One of the more difficult subjects is the question of East Side housing ownership. There are a lot of rental properties here, which does not make for a very stable neighborhood. Houses listed for sale on the East Side are almost always advertised as an “investment opportunity” or “cash flow,” not “affordable for poor families.” I do not understand how families can afford their monthly rent of $400 to $500 (what the average rundown house rents for) but do not qualify to buy a house that would cost them $250 to $300 in a mortgage payment. If homeownership were increased, I don’t think we’d have such a problem with slumlords and crack houses in our neighborhoods. Redlining by banks is a huge problem here; redlining means a bank denying a home loan based on the physical address of the house. This has happened to me personally, although we did succeed in buying our affordable and comfortable home on the East Side.

Springfield’s Vachel Lindsay had different ideas of beautifying Springfield. He said that “Fair streets are better than silver. Green parks are better than gold.” He also stated that “A crude administration is damned already.” I believe he was correct.
Carey Smith Moorman

“This is going to hurt the minority community,” said Mayor Richard Daley about the living-wage act, which was passed last month by the Chicago City Council [Mischa Gaus, “Big box bucks,” Aug. 17]. Mayor Daley is rightly concerned that by imposing price contrLawrence A. Hunter, Ph.D.
Senior Fellow,
Institute for Policy Innovation
Washington, D.C.ols on the city’s workforce, the legislation will chase away jobs and businesses.

In his 17 years in office, Daley has yet to veto a bill passed by the council, but if there was ever a time to do so, this is it.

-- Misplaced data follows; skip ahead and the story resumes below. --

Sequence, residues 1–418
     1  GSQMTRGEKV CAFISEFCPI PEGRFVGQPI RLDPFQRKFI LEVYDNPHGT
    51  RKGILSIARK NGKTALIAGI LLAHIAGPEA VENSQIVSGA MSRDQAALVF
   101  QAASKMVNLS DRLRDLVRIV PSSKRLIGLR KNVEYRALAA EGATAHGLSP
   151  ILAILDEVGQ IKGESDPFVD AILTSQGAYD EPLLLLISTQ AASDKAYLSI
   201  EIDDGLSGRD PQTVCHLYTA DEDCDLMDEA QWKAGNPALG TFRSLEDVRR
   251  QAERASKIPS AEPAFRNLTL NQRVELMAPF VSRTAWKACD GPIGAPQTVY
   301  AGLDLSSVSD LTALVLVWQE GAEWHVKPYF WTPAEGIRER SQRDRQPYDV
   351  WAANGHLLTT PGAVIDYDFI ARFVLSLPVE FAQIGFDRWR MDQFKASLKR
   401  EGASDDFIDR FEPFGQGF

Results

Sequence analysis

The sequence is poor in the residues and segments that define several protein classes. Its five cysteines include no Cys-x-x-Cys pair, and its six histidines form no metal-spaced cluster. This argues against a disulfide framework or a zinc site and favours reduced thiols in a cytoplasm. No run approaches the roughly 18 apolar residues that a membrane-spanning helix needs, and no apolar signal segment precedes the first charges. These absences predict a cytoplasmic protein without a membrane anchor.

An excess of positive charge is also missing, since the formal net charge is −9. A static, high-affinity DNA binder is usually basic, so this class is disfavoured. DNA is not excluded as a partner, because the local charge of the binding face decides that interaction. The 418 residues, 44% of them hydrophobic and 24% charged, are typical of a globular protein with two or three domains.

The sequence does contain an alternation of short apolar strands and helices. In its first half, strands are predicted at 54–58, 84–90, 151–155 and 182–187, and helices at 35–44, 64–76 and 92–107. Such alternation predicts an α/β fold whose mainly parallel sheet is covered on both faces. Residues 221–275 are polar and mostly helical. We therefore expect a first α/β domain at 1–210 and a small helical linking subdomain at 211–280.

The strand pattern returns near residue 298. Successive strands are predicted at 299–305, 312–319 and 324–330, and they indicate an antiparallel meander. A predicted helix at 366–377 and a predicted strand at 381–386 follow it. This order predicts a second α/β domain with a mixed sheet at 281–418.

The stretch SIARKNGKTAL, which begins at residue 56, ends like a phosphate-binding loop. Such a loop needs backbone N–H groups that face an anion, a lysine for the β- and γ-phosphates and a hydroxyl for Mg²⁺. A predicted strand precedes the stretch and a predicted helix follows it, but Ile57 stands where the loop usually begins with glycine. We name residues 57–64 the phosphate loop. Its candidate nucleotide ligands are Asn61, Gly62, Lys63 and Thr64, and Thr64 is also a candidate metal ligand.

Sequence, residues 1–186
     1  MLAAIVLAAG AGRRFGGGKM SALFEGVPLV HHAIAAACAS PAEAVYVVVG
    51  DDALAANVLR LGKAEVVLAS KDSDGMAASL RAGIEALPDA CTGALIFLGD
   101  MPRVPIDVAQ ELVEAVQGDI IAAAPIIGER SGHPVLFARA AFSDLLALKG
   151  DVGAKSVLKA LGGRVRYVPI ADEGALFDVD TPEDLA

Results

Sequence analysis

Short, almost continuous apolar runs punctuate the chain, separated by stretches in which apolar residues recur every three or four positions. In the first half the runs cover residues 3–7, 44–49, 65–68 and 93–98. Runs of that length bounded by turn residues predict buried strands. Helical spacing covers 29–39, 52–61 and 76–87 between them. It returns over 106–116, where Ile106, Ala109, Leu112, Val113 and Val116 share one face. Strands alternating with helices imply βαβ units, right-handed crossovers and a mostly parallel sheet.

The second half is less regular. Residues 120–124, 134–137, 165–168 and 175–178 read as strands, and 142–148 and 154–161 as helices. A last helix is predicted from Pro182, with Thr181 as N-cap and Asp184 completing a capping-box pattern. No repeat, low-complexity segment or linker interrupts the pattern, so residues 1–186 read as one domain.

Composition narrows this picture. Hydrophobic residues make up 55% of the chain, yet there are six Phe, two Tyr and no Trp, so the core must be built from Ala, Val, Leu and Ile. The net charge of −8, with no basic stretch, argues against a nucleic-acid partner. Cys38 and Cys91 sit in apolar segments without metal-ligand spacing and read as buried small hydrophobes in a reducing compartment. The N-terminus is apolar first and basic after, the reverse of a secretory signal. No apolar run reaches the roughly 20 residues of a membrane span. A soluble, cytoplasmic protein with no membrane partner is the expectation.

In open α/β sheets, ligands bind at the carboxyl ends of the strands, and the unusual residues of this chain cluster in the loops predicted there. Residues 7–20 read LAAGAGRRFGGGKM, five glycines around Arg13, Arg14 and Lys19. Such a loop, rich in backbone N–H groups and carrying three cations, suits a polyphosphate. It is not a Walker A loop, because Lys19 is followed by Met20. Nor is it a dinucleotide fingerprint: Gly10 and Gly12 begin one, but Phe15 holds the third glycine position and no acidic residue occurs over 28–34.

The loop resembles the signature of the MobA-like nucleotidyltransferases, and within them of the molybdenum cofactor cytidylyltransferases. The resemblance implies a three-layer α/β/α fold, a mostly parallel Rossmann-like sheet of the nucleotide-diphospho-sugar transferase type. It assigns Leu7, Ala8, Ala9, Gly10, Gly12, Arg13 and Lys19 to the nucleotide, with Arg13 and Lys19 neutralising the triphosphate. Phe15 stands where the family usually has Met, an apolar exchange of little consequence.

Specifically, the bill would force large retailers like Wal-Mart and Target to pay employees at least $10 an hour in wages plus $3 per hour in benefits. The minimum wage in Illinois is currently $6.50, already $1.35, or 26 percent, higher than the federal minimum.

To the casual observer, a law that artificially boosts wages might seem like a fantastic idea. After all, those who work full-time for Illinois’ current minimum wage of $6.50 end up with less than $14,000 per year. Pushing their hourly pay to $10 would clearly help them escape poverty — right?

Unfortunately, the answer is no.

Ask yourself, if $10 is such a good idea, why not raise the living wage to $50 an hour? Obviously because not all jobs produce enough to be worth that much. Require employers to pay it, and employers will simply eliminate the jobs.

The same principle holds no matter where the “living wage” is set; it is only a question of how extensive the damage is and who gets hurt the most.

The fact is, even a relatively low minimum wage law punishes low-skilled workers by barring them from underbidding their higher-skilled competition, thus taking away their one competitive edge in the marketplace.

Government wage controls are no different than government price controls, and they never work as intended — invariably harming the very people they’re supposed to help.

So why do living-wage advocates persist in pushing such tried-and-failed economic policies? Because of a very persistent myth: the family breadwinner struggling to make ends meet on the minimum wage.

But if we look at national statistics, most American minimum-wage workers don’t live below the poverty line. In fact, the largest cohort of minimum-wage earners is teenage boys working their first job. More than half are younger than 24.

Most minimum-wage workers live in middle-class households that boast annual combined incomes in excess of $40,000. The majority are under age 25, and three-fifths are part-timers.

When you get right down to it, less than one-fifth of the country’s minimum wage workers are the sole breadwinners in their families. They represent a scant 0.2 percent of the U.S. working-age population. And they’re not even earning the minimum wage for very long — 40 percent will receive a raise within four months, and two-thirds will receive a raise within a year.

Between 1998 and 2002, median wage growth averaged over 10 percent for minimum-wage employees. Their wage growth was more than five times higher than that of employees earning above the minimum wage.

Like all price controls, living-wage laws distort the relationship between buyer and seller — in some cases to the point where it’s not profitable for employers to pay workers at all.

Living-wage laws don’t reduce poverty. They perpetuate it. And no politician can alter that fact — no matter how well-meaning his or her intentions.


  • Fri
  • Sat
  • Sun
  • Mon
  • Tue
  • Wed
  • Thu



Sunday Oct. 21st